Past Reviews

Regional Reviews: San Francisco/North Bay

The Creature
Cinnabar Theater
Review by Patrick Thomas | Season Schedule

Also see Patrick's review of The Object Lesson and Richard's reviews of Life Is a Dream and The Nance

The Cast
In the most recent episode of "Real Time with Bill Maher," his closing "New Rules" rant focused on why so many young men engage in violent acts, like the recent mass shooting at a community college in Oregon. It's not bad parenting or violent video games or lack of prayer in schools or even Marilyn Manson. According to Bill, the real reason is "they can't get laid." He cited examples: the Oregon shooter left a manifesto stating he was "going to die girlfriendless and a virgin." The note left behind by the UC Santa Barbara shooter said girls had never been attracted to him and he was "going to punish you all for it." The Virginia Tech shooter stalked women who had no interest in him and Timothy McVeigh "famously never had a date."

This is not a new story, as is being made abundantly clear in Cinnabar Theater's production of The Creature, Bay Area playwright Trevor Allen's take on Mary Shelley's novel "Frankenstein." For it is only when the creature created by the young genius Viktor Frankenstein is spurned by society, teased and tormented because of his appearance that he lashes out. All he wants is what any of us want: to be loved, to have a friend, to share in the company of our fellow beings.

Allen (ably assisted by director Jon Tracy) explores this theme of human connection and abandonment in a way that is both true to the spirit of Shelley's novel, yet still coming at the story in his own way. Though there is plenty of drama here, there's very little action, as the three actors—Robert Parsons as The Creature, Tim Kniffin as Viktor Frankenstein, and Richard Pallaziol as Captain Walton (and others)—spend most of the two+ hours seated on simple black wooden chairs on Jon Tracy's almost infinitely spare set, meant to mimic the arctic ice floes where Shelley's book began and ended.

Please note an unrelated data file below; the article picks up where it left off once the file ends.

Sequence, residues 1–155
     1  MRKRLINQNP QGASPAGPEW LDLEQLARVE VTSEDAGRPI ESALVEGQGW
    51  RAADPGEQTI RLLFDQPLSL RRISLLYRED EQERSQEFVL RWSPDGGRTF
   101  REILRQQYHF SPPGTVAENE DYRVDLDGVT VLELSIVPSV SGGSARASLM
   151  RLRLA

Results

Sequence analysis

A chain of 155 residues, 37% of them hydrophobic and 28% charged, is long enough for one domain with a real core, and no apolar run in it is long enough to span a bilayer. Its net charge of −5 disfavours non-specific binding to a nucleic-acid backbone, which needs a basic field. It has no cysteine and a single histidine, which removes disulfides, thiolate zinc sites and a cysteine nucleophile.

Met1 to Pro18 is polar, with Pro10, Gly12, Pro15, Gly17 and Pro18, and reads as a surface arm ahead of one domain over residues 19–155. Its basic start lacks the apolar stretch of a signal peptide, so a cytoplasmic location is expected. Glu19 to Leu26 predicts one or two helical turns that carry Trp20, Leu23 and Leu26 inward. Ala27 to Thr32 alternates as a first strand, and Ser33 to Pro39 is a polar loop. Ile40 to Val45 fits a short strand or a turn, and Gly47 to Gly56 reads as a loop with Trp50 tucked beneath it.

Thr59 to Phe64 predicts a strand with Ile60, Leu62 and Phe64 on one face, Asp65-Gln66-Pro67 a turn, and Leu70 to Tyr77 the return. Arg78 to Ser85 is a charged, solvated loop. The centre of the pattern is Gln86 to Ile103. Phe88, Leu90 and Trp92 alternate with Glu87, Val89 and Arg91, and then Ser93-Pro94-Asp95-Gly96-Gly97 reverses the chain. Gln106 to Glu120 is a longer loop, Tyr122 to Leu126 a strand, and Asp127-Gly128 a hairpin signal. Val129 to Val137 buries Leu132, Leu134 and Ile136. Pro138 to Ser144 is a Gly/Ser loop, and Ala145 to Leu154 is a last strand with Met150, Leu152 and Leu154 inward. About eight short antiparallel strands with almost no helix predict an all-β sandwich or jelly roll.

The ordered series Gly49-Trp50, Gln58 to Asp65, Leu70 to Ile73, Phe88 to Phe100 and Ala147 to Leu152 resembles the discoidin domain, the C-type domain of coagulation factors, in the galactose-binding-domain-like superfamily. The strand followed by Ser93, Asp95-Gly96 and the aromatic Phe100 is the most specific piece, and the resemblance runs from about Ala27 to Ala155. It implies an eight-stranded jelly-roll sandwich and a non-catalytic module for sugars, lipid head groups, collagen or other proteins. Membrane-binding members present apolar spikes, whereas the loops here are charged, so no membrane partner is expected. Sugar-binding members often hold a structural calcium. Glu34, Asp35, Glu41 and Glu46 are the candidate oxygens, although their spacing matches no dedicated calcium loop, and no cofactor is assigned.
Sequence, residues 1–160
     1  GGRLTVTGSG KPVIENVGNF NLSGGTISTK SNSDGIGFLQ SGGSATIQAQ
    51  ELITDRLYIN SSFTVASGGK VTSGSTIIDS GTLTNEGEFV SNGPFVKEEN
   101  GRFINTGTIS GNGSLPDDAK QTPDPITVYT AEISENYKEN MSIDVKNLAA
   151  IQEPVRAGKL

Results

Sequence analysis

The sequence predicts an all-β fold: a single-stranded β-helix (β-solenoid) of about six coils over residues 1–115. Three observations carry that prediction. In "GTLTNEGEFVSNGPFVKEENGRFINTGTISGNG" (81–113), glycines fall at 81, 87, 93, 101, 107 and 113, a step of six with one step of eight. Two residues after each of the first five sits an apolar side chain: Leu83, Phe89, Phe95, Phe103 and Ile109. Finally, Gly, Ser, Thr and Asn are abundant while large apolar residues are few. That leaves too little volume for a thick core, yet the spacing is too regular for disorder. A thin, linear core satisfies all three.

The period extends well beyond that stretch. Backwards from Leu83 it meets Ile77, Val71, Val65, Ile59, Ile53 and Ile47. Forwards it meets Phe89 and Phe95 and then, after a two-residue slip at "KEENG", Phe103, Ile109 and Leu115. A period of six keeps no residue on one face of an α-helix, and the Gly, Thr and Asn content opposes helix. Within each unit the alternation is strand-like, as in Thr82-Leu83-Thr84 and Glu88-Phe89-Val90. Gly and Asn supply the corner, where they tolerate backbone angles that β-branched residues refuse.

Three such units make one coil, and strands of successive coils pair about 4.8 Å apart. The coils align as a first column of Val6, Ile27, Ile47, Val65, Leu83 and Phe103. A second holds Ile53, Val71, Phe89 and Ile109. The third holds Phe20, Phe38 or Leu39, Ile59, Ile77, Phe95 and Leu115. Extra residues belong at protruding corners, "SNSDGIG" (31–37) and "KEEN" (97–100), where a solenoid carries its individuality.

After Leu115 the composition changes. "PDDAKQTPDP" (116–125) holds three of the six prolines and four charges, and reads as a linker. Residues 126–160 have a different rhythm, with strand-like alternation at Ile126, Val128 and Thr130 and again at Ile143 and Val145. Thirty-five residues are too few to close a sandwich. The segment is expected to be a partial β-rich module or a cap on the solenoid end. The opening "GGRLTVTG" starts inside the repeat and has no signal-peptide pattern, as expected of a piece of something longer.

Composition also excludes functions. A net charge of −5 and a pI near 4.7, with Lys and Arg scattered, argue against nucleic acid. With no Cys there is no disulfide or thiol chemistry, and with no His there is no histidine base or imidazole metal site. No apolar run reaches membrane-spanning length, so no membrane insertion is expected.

The first incarnation of The Creature was as a radio play, and the origins show through. This is to be listened to almost as much as it is to be watched. Allen has created a compelling structure for the first act, as Captain Walton sets the scene, and then Frankenstein and his Creature tell the somewhat parallel stories of their childhoods and educations. It's fascinating to discover how similar are their paths—despite being very different in very many ways.

Parsons is wonderful as The Creature, deftly embodying the sense of longing for a connection he can never have. Kniffin is likewise skilled at portraying Dr. Frankenstein not as evil, but simply a brilliant man whose desire to discover out-paced his ability to predict the consequences of his efforts.

This is a beautiful—and spooky—evening of theater, perfect for the Halloween season.

The Creature runs through November 1, 2015, at the Cinnabar Theater, 3333 Petaluma Blvd North, Petaluma. Shows are Fridays and Saturdays at 8:00 p.m., and Sundays at 2:00 p.m. Tickets are $25 general, $15 for those 21 and under. There is a $5 surcharge for the October 31 show. Tickets and additional information are available at or by calling 707-763-8920.

Photo: Eric Chazankin

Cheers - and be sure to Check the lineup of great shows this season in the San Francisco area

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